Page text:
A new series published in The Lancet Global Health provides the elementary blocks for a global standard to calculate the sustainability of cities world over, and to assess policy to make cities liveable and more sustainable.
A co-led series from the University of Melbourne studies city planning policies and urban design and transport features of 25 cities across Asia, Europe, Australasia, Africa, and Central and South America.
The assessment of these cities found them to aspire to become more sustainable, with many cities lacking measurable policy objectives to help attain those goals.
Meanwhile, the initiative of Global Healthy and Sustainable City-Indicators Collaboration undertaken by more than 80 researchers in 25 cities across 19 countries led to development of tools that can be used by any city anywhere to put a standard and observe progress towards healthy and sustainable living.
To undertake this, the team employed standardized methods to study policy settings and real experience of people living in cities, using indicators such as nearness to food and public transport, walkability, and city density.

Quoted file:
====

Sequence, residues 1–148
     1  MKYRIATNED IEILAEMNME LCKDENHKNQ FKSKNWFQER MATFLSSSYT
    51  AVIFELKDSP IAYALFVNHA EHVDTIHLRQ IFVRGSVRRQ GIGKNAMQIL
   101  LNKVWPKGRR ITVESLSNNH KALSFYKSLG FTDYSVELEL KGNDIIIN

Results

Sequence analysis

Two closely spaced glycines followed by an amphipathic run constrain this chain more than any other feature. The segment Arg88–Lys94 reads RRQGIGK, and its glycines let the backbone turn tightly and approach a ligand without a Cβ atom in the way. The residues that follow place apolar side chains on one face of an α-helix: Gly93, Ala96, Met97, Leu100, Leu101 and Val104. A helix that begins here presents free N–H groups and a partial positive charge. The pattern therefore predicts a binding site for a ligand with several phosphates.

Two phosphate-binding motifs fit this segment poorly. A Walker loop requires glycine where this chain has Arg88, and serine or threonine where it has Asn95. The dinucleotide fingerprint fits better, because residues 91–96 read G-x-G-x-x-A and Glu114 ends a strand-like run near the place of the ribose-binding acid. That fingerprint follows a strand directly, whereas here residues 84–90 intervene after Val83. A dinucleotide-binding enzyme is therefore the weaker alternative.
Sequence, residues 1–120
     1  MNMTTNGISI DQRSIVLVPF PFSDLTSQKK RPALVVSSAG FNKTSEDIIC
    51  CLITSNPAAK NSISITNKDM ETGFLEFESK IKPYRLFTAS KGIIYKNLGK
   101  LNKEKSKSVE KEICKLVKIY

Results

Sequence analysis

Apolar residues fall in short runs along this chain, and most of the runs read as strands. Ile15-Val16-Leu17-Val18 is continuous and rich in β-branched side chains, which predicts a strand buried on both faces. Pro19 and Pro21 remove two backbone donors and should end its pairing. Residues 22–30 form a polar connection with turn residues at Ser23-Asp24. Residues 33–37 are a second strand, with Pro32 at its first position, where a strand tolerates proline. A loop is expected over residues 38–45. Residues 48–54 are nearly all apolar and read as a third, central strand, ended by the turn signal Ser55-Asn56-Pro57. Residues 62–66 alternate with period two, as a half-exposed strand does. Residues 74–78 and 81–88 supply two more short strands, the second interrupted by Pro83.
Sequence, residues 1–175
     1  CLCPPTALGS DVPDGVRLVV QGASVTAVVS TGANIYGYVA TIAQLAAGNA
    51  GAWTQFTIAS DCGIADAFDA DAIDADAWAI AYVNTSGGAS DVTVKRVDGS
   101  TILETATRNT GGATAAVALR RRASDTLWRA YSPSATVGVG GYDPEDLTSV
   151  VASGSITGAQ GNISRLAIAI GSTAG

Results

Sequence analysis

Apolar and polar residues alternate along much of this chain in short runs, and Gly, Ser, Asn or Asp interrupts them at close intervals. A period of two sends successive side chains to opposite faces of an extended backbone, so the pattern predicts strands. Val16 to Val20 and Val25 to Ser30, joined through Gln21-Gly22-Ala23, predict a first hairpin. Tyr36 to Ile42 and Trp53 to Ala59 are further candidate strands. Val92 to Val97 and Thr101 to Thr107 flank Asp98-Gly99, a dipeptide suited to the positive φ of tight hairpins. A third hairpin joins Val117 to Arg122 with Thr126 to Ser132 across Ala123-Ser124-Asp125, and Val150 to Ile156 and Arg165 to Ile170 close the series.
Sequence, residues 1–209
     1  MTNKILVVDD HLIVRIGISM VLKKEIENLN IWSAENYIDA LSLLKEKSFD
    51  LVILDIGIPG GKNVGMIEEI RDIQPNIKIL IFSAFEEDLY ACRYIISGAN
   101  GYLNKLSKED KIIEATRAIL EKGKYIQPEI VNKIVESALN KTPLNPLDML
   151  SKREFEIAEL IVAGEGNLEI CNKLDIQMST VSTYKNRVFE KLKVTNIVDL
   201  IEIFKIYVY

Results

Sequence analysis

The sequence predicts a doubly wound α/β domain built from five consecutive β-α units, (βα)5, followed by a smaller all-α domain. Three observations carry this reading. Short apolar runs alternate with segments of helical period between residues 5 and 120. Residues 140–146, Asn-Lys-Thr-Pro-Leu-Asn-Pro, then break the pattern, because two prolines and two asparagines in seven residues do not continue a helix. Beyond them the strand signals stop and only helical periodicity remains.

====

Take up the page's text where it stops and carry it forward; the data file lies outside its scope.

The indicators could assist cities to strengthen city planning policies, said lead author of the paper. In addition, the indicators could also help to address inequities to access urban design and transport features that support health and sustainability.
Importantly, climate change and global challenges such as COVID-19 highlight the urgent need for more liveable and sustainable cities. The research explains what is required for urban transformation.
The initiative involved calling for1000-cities challenge to initiate a global citizen science program to gather open data, and formulate city planning indicators. This was aimed at improving knowledge base and inform decision-making to focus on most data scanty areas.